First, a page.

Econ 219: Intermediate Macroeconomics

Welcome to this web page! This class is usually taught in several sections, and this page is relevant for the section taught by Christian Zimmermann. This section meets on Tuesdays and Thursdays form 11 AM to 12:30 PM in room 213, Monteith Building.

Office hours for this class are Tuesdays and Thursdays 1-2:15 PM or by appointment.


This class will use the following textbook: Macroeconomics, by Steve Williamson. It should be available at the UConn Bookstore (Co-op). Each new book comes with a code that allows you to register on the publisher web site and enjoy some supplementary material, such as the study guide Conference Board data and PowerPoint files. I encourage you to use the Study Guide. We may use Conference Board data (or some other data). I will not use PowerPoint. Those who have a used textbook main not be able to log into the website, as the codes expire after a session (when used).

We will not cover every chapter of the textbook, and I will cover some material not covered in the textbook. Supplementary material along with links to more on certain topics on the web are provided below.


This is the first time I will be teaching this class in such a format, so the schedule is still a little bit up in the air. This is a tentative schedule and I will amend it as we progress.

DateTopicTextbook PagesRecommended Exercices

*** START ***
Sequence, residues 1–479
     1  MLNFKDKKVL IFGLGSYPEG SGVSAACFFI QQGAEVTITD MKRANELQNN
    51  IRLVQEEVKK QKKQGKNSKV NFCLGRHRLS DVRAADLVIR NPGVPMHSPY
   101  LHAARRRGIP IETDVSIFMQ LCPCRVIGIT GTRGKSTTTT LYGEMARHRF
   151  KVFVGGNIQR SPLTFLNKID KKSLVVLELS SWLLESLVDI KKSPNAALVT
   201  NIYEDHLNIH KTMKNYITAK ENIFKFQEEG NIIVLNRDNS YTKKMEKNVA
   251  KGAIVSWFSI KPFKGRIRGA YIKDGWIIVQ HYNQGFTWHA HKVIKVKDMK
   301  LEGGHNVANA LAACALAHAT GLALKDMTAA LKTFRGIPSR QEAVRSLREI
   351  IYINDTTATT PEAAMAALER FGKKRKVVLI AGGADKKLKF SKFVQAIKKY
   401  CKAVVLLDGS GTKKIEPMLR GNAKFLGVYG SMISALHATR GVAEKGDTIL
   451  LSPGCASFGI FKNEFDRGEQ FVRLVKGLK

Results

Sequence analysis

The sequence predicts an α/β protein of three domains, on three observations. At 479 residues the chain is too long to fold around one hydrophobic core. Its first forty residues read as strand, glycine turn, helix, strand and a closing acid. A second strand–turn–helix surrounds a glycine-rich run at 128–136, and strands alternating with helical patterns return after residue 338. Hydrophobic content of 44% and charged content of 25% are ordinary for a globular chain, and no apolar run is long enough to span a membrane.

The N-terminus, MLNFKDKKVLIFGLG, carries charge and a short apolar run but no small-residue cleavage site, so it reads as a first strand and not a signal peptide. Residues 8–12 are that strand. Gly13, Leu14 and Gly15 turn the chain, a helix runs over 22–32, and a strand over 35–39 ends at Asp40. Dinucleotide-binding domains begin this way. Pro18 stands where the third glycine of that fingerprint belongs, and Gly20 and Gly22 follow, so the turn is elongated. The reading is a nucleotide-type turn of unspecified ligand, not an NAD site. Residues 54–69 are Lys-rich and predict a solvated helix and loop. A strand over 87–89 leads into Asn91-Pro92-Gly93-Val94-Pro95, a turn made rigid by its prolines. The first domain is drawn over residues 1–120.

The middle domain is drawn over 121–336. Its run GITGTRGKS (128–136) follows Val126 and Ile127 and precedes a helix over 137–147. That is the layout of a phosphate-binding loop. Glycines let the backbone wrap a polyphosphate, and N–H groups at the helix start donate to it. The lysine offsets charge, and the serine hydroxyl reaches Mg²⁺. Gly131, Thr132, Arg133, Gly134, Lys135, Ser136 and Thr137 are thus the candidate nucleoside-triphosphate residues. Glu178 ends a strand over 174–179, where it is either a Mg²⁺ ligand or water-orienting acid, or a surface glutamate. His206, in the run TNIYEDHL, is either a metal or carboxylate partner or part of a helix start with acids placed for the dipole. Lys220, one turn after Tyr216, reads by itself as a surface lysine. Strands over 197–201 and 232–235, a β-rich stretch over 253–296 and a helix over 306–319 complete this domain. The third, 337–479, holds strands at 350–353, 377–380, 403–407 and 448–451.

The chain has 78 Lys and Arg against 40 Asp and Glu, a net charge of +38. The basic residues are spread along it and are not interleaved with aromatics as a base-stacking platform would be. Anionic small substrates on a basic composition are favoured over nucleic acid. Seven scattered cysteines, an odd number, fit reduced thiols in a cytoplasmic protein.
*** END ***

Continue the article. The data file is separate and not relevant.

129 AugCourse Introduction
23 SepMacroeconomic measurement39-632-1, 2-4, 2-8
35 SepDealing with business cycle data65-751-1, 3-1, 3-3, 3-4
410 SepBusiness cycle facts I75-83
512 SepQuiz 1, Business cycles facts IINot in textbook
617 SepHousehold decisions, Data problem handed out89-1124-3, 4-5
719 SepFirm decisions113-1264-6, 4-9
824 SepQuiz 2, A first macroeconomic model: statics I131-134
926 SepA first macroeconomic model: statics II, Data problem due134-1495-3, 5-4
30 SeptReview session, Monteith 311, 5-6pm
101 OctMid-term I
113 OctBringing some dynamics: consumption and savings165-1926-1, 6-3
128 OctBringing some dynamics: Ricardian equivalence192-2086-6,6-8
1310 OctBringing some dynamics: investment and interest rates215-231
1415 OctQuiz III, Bringing some dynamics: aggregate output and employment231-2597-1, 7-3
1517 OctGrowth: stylized factsPartially in textbook
1622 OctGrowth: the Malthusian modelNot in textbook
1724 OctQuiz IV, Growth: the Solow model265-2768-1
1829 OctGrowth: Golden Rules276-2978-3, 8-5
1931 OctEndogenous growth297-3098-9
3 NovReview session, Monteith 311, 6-7pm
205 NovMid-term II
217 NovMoney: what it is317-319,513-520
2212 NovMoney: what it does I321-332
2314 NovMoney: what it does II333-3609-2, 9-3, 9-7, 9-8
2419 NovQuiz V, Sticky wages I369-385
2521 NovSticky wages II386-40610-1, 10-3
263 DecMoney surprises, coordination failures, Instructor Evaluation411-417, 426-43811-1, 11-7
275 DecQuiz VI, Real business cycles417-42611-4
2810 DecDid we mention unemployment?539-556
11 DecReview SessionMonteith 311, 1:00-2:00
2917 DecFinal exam, Arjona 115, 3:30-5:30All of the above